The Bogenfels was named after a natural rock arch on the coast of Namibia, hence the name, which means “arch rock” in German. She was 58 ft and was build in 1948 by Fritz Nieswand in Lüderitz, Namibia. The main activity being Cray-fishing. After being sold on it served the Eastern Cape chokka industry until it was converted into a long distance sport-fishing charter boat. The giant freezer room that used to hold tons of chokka was ripped out and transformed into bunk rooms for sport-fishermen. A large U-shape railway sleeper bar was installed and a gas barbecue in the stern. She was a sturdy vessel powered by a 225 hp Detroit Diesel, with a cruising speed of eight knots and a range of 2000 nautical miles.
The Bogenfels was salvaged from the PE harbor after it sunk and was under-water for little over a year. She was raised from the sea-bed by filling her cargo holds with giant lifting bags and slowly dragging the hull out on to the slipway by means of a 40 ton crane. Once out of the water the difficult task of dismantling the hull started. The first couple of weeks was the worse, with the smell of dead and decaying marine growth thick in the air. The hull was carefully dismantled into large sections and transported to our yard where the painstaking task of removing the planking started.
Area Code: HTB 91A; (DDF 120)
Call Sign: ZR3299
Owner: Rietgans Fishing Enterprises (PTY) Ltd.; (Groenewald & Germishuys)
Length (ft): 62
Builder: Louw & Halvorsen, Cape Town
Year Built: 1962
Engine Make: GM (CAT)
Main Activity: Squid; Tuna; (Purse Seiner*)
*Factory Fished for: Gansbaai Marine (1963-1984)
Skipper: Johnnie Germishuys
How it all started
“Finally I stumbled upon the wreck of the Kunene and fell in love with her timbers. I carted the bits off to my workshop in Knysna without a specific plan and started cleaning the multiple rusted nails out of the timber.”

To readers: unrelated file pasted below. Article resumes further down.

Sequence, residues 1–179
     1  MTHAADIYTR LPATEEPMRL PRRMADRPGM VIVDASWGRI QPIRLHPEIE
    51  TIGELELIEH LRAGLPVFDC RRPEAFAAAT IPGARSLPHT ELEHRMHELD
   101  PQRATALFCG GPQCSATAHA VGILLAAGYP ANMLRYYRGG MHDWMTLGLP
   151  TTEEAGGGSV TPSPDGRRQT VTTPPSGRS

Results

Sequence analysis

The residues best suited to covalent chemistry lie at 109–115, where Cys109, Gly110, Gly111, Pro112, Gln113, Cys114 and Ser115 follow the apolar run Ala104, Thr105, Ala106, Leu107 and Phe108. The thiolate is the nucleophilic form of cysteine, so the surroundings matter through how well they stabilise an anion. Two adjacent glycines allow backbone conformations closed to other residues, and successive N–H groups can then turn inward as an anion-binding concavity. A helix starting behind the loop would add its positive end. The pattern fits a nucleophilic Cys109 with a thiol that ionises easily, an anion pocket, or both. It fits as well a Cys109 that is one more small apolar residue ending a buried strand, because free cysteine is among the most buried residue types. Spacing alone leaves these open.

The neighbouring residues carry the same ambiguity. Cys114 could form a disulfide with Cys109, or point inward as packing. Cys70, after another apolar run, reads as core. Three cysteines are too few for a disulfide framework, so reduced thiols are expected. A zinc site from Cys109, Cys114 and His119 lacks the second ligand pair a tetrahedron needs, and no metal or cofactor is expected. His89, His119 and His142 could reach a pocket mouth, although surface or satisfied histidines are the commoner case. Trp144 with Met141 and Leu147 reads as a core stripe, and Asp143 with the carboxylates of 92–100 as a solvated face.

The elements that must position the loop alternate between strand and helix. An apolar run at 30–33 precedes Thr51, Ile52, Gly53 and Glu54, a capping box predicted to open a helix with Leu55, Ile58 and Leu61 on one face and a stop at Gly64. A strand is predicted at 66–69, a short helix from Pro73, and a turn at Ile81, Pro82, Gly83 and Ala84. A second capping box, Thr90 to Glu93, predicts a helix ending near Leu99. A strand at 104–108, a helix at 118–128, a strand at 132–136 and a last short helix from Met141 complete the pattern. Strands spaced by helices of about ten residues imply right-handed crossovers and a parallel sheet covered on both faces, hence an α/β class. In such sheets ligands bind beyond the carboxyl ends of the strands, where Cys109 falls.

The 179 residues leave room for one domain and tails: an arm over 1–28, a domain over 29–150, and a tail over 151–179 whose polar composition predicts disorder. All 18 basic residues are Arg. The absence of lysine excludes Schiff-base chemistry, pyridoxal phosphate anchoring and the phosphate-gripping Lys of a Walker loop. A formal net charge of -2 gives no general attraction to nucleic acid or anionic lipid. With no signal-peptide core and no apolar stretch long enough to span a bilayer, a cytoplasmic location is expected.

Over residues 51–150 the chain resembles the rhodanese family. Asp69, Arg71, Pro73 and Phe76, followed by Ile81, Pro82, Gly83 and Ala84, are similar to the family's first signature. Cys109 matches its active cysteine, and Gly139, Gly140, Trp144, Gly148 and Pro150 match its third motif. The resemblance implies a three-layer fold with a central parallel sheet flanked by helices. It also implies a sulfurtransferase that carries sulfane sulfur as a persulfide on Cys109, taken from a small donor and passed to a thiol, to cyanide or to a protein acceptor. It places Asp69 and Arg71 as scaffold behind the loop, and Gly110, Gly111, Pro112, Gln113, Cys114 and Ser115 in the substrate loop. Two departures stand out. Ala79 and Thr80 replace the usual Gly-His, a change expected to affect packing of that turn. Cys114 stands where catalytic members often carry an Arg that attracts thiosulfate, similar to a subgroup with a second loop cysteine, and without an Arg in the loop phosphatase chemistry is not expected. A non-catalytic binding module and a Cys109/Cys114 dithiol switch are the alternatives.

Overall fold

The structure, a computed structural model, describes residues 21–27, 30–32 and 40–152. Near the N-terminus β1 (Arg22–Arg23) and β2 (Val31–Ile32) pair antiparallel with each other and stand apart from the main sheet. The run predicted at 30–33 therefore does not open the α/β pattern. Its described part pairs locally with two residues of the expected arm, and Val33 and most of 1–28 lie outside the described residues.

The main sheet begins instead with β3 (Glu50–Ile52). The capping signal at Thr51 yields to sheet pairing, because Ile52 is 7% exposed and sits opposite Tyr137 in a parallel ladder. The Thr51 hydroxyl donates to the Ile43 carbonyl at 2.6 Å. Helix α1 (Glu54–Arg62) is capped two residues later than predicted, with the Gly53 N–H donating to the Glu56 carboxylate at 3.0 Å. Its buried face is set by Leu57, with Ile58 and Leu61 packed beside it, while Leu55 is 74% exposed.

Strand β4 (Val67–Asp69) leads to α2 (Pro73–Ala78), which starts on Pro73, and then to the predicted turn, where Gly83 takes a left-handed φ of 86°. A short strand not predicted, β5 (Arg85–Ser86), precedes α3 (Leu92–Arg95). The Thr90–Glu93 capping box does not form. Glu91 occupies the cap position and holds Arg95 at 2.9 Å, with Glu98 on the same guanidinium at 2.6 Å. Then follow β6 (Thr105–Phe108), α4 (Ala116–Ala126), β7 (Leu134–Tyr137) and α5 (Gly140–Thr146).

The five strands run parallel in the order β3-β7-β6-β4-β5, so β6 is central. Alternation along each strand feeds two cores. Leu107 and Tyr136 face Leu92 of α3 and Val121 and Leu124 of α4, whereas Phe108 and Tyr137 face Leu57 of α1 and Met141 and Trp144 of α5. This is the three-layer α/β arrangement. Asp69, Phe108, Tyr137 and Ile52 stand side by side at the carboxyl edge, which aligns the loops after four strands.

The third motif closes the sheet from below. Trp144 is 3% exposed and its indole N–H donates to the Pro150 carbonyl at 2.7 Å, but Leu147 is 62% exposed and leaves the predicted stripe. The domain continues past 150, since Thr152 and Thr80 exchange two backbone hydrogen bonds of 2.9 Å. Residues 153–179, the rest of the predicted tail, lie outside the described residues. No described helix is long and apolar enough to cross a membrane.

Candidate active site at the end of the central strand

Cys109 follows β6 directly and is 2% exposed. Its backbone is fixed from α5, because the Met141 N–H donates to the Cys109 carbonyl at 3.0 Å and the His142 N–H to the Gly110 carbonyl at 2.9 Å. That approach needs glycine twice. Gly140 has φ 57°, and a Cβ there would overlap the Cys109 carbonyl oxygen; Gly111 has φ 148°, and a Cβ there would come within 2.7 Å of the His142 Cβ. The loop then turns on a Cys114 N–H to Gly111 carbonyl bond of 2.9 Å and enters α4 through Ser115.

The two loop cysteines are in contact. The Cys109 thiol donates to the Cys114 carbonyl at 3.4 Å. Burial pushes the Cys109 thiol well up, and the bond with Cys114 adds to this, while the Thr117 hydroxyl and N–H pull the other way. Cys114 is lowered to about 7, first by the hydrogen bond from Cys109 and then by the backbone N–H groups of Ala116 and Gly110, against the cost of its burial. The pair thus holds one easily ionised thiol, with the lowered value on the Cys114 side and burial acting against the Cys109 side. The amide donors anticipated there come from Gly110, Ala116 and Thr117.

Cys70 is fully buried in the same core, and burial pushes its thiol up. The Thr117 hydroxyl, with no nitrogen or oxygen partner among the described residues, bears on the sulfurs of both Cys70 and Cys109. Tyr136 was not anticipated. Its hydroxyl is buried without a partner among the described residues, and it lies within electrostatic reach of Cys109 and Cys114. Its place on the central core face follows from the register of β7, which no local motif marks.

Well, so the timber lay in my workshop for a while till finally there was time to make the first item. “Table 1” it was called for the lack of a better description, but in no way did it detract from the great character and warmth that this table owned.
This was more or less how it all started and now we’re busy setting the standard for great looking, innovative furniture made in an environmentally conscious manner. We use exclusively timber from our wrecks which in many ways limits us in conventional thinking and forces us to let the timber dictate the size, shape and finish of the final product. These boats were chopped up with chainsaws and little regard for future use. The parameters were the size of the dump-trucks that was used to transport it. For this reason it is not possible to make very long tables without joints etc. Boats are also not square or box shaped. It is their beautiful streamlined hulls that make it possible for them to sail the oceans. For exactly this reason there are very few straight planks that come off these wrecks. All of the above challenges make it so much more rewarding to work with such great raw material.
Our team at the moment is small, but consistently delivers a great product. A lot of time is spent extracting our wrecks from where we found them and turning the raw chunks into usable raw material. We have a big budget for saw and planer blades because of all the metal still prevalent in the timber. A full time team member is involved in cleaning and dismantling the wrecks. The metal bits incorporated in some of the designs are all leftovers from the wrecks.